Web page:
Everything You Need To Know About Anthony Edwards

Anthony Edwards is one of the most electric scorers in the country. With one of the highest ceilings in this draft, Edwards won't last long in the draft.

Anthony Edwards has been at the top of draft boards since he was in high school. Despite a tumultuous season for Georgia, Edwards still looks to be the most gifted prospect in this draft.

This draft has been well regarded as a down year for prospects, but that doesn’t mean it is void of talent. While there are some serious concerns with Edwards’ game, he still has the highest ceiling in the draft.

The most intriguing aspect of Edwards’ future development is his scoring versatility. When Edwards has the ball, he is a threat to score from any spot on the floor. His size and athleticism are obvious, and at just 18, he is one of the few NBA ready athletes.

Edwards punishes defenses by using his athleticism to beat defenders off the drive, running in transition, knocking down jumpers, and making well-timed cuts.

Edwards is at his peak level of comfort with the ball in his hands. He is used to initiating the offense and creating his shot out of nothing. This has turned him into a dynamic scorer and a tough-shot-maker.

One of the most common sets in the NBA game is the pick-and-roll. In Edwards’ limited time at Georgia, he has shown that he can create a lot out of these situations. With Edwards as the pick-and-roll ball-handler, Georgia scored .9 points per possession (PPP) which ranked in the 69th percentile, per Synergy.

While Edwards struggled shooting out of these situations (22nd percentile), he was excellent at attacking the rim and finding open shooters. When Edwards attacked the rim out of the pick-and-roll he scored 1.211 PPP (81st percentile). Georgia experienced similar success in the pick-and-roll when Edwards passed it to a spot-up shooter as they scored 1.147 PPP (86th percentile).

The threat of Edwards driving in these situations puts defenses on their heels. His willingness to pass makes them vulnerable. In the below clip, we can see how effective Edwards is while running the pick-and-roll. Edwards doesn’t get a great screen, but the defender is bumped just enough for Edwards to use a burst of speed to beat him to the three-point line. Once Edwards hits that spot, he has the defender on his hip and knows that he has him beat. As Edwards gets to the paint, a weakside defender rotates to cut off his driving lane.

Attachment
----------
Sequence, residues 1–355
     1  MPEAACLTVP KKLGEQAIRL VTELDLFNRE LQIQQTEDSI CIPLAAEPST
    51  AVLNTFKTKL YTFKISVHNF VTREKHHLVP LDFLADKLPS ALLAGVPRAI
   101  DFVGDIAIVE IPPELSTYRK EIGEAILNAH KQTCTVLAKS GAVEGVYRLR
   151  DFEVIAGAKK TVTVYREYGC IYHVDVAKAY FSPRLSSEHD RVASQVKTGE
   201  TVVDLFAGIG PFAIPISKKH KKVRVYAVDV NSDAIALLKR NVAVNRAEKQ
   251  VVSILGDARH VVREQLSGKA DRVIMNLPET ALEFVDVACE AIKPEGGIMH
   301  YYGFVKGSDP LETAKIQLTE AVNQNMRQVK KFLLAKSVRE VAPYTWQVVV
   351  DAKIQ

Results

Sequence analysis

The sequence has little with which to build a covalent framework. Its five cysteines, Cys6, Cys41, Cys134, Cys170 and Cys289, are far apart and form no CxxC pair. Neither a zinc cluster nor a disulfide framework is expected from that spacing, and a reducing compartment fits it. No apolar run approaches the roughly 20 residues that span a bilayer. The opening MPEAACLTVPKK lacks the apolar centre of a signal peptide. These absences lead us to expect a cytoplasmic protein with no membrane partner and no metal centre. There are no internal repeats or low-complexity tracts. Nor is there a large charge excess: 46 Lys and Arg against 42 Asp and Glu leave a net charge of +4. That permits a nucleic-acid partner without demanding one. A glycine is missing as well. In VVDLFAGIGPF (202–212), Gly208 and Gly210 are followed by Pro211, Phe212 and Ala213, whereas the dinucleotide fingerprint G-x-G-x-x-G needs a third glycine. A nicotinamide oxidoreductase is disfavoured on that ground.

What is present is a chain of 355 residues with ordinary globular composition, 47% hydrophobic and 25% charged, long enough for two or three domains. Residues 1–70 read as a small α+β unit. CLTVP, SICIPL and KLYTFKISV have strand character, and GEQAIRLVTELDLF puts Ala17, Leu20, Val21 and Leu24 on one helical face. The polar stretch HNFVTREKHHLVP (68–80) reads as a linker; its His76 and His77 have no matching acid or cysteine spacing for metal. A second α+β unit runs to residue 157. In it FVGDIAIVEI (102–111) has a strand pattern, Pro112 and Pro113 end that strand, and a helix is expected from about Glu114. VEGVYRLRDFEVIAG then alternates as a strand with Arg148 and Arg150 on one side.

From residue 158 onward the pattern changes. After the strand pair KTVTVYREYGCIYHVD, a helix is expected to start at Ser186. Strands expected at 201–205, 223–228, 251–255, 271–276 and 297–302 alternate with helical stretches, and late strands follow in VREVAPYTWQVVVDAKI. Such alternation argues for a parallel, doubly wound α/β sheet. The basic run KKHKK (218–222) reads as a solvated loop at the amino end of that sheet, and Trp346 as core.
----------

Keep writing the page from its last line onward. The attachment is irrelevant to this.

Edwards nullifies the weakside defender and his defender by picking up his drive at the free-throw line. By doing this, the weakside defender retreats to his man because he thinks that Edwards is about to find the open shooter. The change-of-pace dribbling and long strides also throw off the timing and any shot-blocking potential of Edwards’s initial defender.

Situations like these highlight the rare intuition and athleticism Edwards has for a player his size. Edwards is also very proficient when driving out of isolations where he scores 1.029 PPP (79th percentile).

Here we see Edwards recognize the mismatch and use his athleticism to his full advantage. Once Edwards realizes that he has a slow center on him, he lowers his head and gets to the rim with ease. Edwards uses a slight hesitation at the start of his dribble, which freezes the defender for a split second. Edwards then uses his speed to get to the hoop and his strength to finish with ease through contact.

In this clip, we get a better idea of Edwards’s creativity and finesse instead of just brute athleticism. Edwards is matched up against Isaac Okoro (one of the best defenders in the country), but isn’t deterred in the slightest. Edwards utilizes a series of crossovers to initially create a driving lane. Once Edwards initiates his drive, he takes more of a looping route, instead of a straight line, to the rim.

This allows Okoro to recover, but not stop Edwards. Edwards does a great job of getting into Okoro’s chest as he takes off for the shot. This move helps create more space for Edwards and limits how much Okoro can elevate to block the shot.